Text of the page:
<span id="hs_cos_wrapper_name" class="hs_cos_wrapper hs_cos_wrapper_meta_field hs_cos_wrapper_type_text" style="" data-hs-cos-general-type="meta_field" data-hs-cos-type="text" >How to advertise in public, when no one is allowed outside.</span>

As the world continues to live in lockdown, we close our doors and open our devices. Since February, Australian NBN has seen a 70% increase in data demand. The need for the internet continues to grow as offices shut down, students attend classes online, more movies are being watched and meetings are made virtual. With each shift in daily routine, Australia’s roads become increasingly empty.

What was once the biggest daily commute into Melbourne city, The Westgate freeway is one of many major roads experiencing a major drop in traffic, seeing an 18% drop in congestion during peak hour. While those who are still required to drive are enjoying this benefit, the advertisers who utilise the public domain are not.

In 2019, 72% of Australians would travel on roads to and from work each day. While most of these people sit in cars, they are both subconsciously and consciously witnessing a large number of public advertisements. A 10-minute drive can take you past still-image billboards, bus shelters, trams and phone booths. Each of these is lined with strategically placed advertisements.

Since the enforcement of lockdown laws, the public advertising system has seen a rapid drop in effectiveness. How can you see Shopalite panels in shopping centres when the doors are closed? How can you see ads on the side of buses, when PTV halved the amount running, after experiencing a 90% decrease in users? Each form of public advertising which was previously a successful method now fails to meet consumers' eyes.

Marketers need to think outside of the box while staying inside the house. There are some companies that are using their existing contracts with out-of-home (OOH) advertising platforms to have a positive influence on the world. For example, Miami Ad School Europe released a “spoilers” campaign in March this year. This consisted of a range of ads to be placed on bus shelters. Essentially each ad contained information spoiling endings of numerous popular television shows and movies. The campaign aimed to encourage people to stay indoors in fear of ruining their favourite storylines. A clever and creative way to maintain a positive presence in an outdoor setting.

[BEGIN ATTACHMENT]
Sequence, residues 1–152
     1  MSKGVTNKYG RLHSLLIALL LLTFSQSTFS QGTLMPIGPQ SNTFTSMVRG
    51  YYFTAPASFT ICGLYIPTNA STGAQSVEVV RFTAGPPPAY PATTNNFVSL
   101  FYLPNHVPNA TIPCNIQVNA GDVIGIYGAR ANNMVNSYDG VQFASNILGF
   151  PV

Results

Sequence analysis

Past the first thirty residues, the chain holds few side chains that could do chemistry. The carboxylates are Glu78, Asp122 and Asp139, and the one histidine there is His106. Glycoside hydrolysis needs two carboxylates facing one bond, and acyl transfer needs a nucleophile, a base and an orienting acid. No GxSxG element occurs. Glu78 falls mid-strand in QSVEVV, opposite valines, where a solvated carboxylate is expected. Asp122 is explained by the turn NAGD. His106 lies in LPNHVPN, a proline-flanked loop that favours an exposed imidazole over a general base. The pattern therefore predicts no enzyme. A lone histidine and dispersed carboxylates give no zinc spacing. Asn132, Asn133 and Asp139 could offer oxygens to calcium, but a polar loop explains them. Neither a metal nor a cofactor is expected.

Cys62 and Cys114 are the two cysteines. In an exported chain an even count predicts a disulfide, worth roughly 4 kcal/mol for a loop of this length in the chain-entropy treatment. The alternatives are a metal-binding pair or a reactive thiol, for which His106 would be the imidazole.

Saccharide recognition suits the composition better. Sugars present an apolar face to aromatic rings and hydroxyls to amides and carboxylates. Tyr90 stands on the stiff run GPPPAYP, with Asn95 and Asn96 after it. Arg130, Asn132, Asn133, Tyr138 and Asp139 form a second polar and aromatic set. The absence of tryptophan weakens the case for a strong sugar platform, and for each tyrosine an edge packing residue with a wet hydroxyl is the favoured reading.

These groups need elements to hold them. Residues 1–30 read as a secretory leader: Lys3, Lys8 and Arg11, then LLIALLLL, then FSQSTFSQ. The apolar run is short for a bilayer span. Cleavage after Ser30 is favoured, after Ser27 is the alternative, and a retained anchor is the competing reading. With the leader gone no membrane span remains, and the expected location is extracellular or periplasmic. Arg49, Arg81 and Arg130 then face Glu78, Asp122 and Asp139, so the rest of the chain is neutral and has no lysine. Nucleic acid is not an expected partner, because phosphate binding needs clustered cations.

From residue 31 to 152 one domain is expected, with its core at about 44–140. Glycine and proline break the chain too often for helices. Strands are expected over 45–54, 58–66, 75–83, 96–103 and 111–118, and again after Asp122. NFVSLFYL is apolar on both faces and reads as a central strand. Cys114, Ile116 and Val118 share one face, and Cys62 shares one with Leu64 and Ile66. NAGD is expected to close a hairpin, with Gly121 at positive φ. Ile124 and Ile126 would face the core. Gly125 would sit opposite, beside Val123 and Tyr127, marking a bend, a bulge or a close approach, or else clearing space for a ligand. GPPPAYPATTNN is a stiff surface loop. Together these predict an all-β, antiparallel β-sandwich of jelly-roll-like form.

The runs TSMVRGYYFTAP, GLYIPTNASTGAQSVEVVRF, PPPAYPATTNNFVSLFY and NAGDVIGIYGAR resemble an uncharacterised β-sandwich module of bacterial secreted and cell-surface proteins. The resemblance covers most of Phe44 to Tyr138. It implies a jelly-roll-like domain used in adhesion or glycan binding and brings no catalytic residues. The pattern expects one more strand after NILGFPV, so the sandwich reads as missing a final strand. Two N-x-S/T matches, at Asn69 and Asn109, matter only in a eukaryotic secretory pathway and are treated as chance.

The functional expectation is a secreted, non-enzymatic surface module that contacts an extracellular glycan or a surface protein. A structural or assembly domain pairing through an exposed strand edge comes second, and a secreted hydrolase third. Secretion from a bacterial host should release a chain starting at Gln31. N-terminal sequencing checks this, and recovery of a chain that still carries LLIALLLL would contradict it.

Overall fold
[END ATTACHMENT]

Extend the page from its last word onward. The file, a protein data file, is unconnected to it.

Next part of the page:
While there may be limited ways of using OOH advertising as a selling point within the current climate, we have seen companies choose to show support. The London Eye, Windsor Castle and Tower Bridge are among the many significant English Landmarks which have been chosen to “Turn Blue”. As a sign of support to the frontline workers, London was overtaken by a wonderful site throughout March. Showcasing the iconic NHS blue to light up the city as a symbol of appreciation.


Advertising during these times is proving to be repeatedly challenging. There is no one right answer, however, there are hundreds of wrong ones. Brands should be cautious not to appear to be profiting off others' misfortune. Therefore, when it comes to using public platforms, make decisions for the good of the community not just for the good of sales. Whether you are offering a helping hand to front-line workers on a bus shelter, providing encouraging messages in service stations or demonstrating COVID Safe practices, there is an opportunity for creativity. By using these spaces you can make a statement that encourages socially responsible behaviour whilst providing subtle and positive brand representation.

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